In the musty darkness of a roadside motel in some forgotten corner of Santa Ana, Harold and Sophia lost themselves in each other.
Their first hotel room felt like a lifetime ago. This was the second room this week. Another stolen moment in a summer of stolen moments. There had been a brief gap of several days after that day by the harbor, and Harold thought little of it. Laying low, disappointed, he thought. Who knows? Who cares? But when that first text message with Sophia’s name popped up on his phone, he piloted that boat of a Ford to the side of the road and dropped anchor somewhere in Irvine.
BORED IN BREA. WHAT YOU UP TO? her message read.
A little back and forth and an hour later, they were stealing kisses at a mall like a couple of teenagers cutting class. In the days to come, their text messages became love notes. Love notes evolved into voicemails. Voicemails slipped into hushed late-night calls. Long drives and short make-out sessions in parking lots and malls quickly abandoned for more hotel rooms and lunch at her favorite places. And when Sophia paid with cash, Harold never asked why.
“Why me?” he asked her one night in a church parking lot.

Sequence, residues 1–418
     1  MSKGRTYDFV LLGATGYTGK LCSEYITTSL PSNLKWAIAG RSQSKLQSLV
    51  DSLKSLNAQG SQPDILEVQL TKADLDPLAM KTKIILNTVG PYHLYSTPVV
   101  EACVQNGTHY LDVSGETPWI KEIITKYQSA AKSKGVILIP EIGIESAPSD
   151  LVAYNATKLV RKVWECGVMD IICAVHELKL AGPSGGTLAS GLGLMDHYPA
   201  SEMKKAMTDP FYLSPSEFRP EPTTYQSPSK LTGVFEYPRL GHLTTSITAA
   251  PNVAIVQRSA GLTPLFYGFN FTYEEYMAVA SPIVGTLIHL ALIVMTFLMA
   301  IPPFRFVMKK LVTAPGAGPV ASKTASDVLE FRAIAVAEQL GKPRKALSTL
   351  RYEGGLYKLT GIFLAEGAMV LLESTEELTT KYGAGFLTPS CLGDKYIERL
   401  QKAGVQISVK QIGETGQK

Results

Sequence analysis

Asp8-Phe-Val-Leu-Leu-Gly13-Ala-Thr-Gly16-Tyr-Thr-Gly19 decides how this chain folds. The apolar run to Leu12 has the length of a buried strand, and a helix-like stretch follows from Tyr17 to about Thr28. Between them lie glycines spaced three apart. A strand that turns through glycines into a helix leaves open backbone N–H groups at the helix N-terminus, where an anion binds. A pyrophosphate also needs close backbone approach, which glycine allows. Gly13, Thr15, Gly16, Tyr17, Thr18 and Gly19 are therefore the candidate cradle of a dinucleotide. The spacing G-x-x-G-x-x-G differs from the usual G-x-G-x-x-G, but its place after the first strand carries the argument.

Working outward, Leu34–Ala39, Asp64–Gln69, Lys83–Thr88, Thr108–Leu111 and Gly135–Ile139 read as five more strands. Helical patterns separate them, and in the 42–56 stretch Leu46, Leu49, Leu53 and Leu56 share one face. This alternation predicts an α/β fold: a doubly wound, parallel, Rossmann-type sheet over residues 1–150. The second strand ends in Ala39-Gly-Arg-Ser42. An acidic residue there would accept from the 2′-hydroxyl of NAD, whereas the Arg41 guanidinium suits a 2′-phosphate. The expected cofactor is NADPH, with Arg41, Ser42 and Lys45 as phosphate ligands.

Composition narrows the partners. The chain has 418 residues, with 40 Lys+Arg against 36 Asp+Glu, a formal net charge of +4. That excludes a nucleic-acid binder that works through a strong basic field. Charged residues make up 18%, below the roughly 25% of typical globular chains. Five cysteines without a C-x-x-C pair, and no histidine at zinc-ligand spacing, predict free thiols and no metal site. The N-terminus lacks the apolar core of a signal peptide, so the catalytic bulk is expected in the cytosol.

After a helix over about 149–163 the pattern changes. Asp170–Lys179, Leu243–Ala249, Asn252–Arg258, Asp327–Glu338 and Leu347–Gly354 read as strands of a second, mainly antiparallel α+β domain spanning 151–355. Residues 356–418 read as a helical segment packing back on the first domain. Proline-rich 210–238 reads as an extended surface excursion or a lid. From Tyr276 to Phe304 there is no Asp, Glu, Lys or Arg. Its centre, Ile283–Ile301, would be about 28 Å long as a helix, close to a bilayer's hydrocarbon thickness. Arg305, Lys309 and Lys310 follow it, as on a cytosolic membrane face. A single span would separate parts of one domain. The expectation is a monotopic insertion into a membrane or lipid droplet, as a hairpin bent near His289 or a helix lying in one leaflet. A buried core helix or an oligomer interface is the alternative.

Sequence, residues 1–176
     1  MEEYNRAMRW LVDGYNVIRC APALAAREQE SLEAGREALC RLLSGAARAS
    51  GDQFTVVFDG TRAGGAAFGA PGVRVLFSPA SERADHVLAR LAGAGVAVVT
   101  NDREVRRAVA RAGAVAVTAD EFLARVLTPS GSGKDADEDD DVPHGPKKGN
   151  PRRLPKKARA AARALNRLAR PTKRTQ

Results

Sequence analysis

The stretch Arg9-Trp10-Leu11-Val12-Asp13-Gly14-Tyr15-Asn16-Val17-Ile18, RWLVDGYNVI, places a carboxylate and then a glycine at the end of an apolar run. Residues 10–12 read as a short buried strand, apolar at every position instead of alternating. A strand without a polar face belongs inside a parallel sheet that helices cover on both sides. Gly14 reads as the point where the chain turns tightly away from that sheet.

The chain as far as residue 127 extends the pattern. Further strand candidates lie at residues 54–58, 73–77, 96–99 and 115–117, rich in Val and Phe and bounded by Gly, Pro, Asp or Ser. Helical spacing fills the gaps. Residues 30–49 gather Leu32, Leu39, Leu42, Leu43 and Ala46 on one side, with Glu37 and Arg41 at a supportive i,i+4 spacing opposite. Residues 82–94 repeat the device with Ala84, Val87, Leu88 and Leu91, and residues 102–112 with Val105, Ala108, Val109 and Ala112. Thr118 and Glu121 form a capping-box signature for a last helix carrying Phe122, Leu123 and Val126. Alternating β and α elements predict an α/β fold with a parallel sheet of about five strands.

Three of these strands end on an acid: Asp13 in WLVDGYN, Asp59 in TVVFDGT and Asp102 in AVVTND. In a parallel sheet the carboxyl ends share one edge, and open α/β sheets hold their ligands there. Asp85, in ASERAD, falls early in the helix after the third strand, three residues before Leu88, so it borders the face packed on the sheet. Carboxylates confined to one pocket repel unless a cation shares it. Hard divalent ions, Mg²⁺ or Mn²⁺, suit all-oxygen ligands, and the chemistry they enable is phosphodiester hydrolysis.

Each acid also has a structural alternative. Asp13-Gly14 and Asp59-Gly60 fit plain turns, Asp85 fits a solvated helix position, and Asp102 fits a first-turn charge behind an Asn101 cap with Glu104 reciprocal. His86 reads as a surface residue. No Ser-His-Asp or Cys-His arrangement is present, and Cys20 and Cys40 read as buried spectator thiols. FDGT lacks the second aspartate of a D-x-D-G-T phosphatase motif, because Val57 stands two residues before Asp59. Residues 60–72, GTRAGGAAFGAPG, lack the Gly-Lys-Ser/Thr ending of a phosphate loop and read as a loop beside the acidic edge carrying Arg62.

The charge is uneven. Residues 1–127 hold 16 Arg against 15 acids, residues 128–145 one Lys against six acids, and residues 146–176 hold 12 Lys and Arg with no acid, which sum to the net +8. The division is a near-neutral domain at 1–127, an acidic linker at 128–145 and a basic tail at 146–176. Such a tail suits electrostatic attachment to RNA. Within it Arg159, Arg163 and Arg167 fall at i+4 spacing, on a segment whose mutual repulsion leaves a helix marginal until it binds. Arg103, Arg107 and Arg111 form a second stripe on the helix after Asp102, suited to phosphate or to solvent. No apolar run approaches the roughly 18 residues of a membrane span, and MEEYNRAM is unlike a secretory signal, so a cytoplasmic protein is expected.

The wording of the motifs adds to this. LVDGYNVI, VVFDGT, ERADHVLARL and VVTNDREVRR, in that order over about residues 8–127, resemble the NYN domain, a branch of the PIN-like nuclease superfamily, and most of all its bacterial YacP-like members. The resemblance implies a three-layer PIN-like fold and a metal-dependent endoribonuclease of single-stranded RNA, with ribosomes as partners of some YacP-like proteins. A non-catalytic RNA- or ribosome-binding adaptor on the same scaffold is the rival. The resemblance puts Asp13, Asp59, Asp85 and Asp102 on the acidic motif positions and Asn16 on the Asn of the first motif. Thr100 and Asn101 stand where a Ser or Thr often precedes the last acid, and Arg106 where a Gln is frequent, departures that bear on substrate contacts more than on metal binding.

“Does it matter?” she said.
A phone rang in the musty darkness. Sophia rolled atop Harold, and answered it. And as he looked up at a woman speaking casually with her husband on the other end of a very inconsiderate call, Harold supposed nothing mattered at all.
“Goodbye, Oliver,” Sophia growled, hanging up and tossing her phone. It clattered on the floor, and she clawed at Harold’s chest and nibbled on his lip. “Where were we?”
“What?” she said, looking at Harold as if he were the stupidest man alive. “Yeah, I’m fine. Everything’s fine. Why?”
“He just called,” the stupidest man alive drooled.
“For fuck’s sake,” Sophia huffed. “You’re not going to start being a little bitch about this, are you?”
“No,” Harold lied. “It’s just–isn’t this even a little fuckin’ weird to you?”
“That’s funny,” she said, rolling off Harold. “I didn’t know that was your conscience inside me a minute ago. My bad.”
Harold sat in his mess, watched Sophia gather her clothes and disappear into the shower, and then sighed. “Goddammit.”